February 12, 2013

Sitting Courtside In Hidalgo

Of all the places I am visiting on my basketball tour of Texas, I was looking forward to going to Hidalgo most of all. Seriously. It's a tiny town literally on the Mexican border. How can it get better than this? I have always had semi romantic notions of staying in small town America on vacations but never do it because quite honestly there's no reason for me to stay in small towns. I'm a city guy, what can I say? But Hidalgo has an NBDL team and that gives me a reason to stay for one night at least. Tuesday night their team, the Rio Grande Valley Vipers, were hosting the Maine Red Claws (best name and logo in the NBDL, hands down). So Tuesday afternoon, I moved in to Hidalgo's Super 8, which is literally across the driveway from the arena, at a cost of about $50 and took in some hoops that night.

The Hidalgo area was first settled by the Spanish in 1749, meaning this area was inhabited well before the Republic of Texas was created. The town itself went through a series of names before finally settling on Hidalgo in 1885. Today the town has all of 11,000 or so residents. I suppose it's sort of a suburb of McAllen (population 123,000) and Brownsville (population 178,000) but suffice it to say there's more nothing than something around Hidalgo, mostly fields for crops or cattle. For perspective for those of you reading in northern Virginia, the population of Arlington is about 190,000.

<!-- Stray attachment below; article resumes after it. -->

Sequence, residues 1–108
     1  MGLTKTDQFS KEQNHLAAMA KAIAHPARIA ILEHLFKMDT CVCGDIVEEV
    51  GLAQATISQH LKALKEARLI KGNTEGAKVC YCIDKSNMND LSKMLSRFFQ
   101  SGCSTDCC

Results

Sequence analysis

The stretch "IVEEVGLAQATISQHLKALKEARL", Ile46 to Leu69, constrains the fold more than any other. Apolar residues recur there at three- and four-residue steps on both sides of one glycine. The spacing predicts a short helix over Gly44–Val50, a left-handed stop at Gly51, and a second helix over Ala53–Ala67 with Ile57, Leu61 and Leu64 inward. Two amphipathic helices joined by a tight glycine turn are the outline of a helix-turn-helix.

The town sits right on the Rio Grande in the Rio Grande Valley, which is one of the richest ecosystems in the southwest United States. The sizeable Santa Ana National Wildlife Refuge, which contains 400 species of birds and over 250 species of butterflies is nearby and serves as a significant tourist attraction in the area. In the town of Hidalgo itself, there's not a whole lot to see. The most exciting attractions in town are the Old Hidalgo Pumphouse and a staue of a giant killer bee. Apparently the killer bee was first discovered in the United States in Hidalgo. Good times!

Following the Texas Legends before them, the Rio Grande Valley Vipers were an expansion team, joining the NBDL for the 2007-2008 season. They have spent their entire six year history playing in the Rio Grande valley. In their third season, they managed to win the D-League finals and were the runner up the following season so the team has experienced some pretty good success in a short period of time. For perspective, they have as many championships as my Washington Wizards in about one tenth the time. Apples to oranges comparison, I know.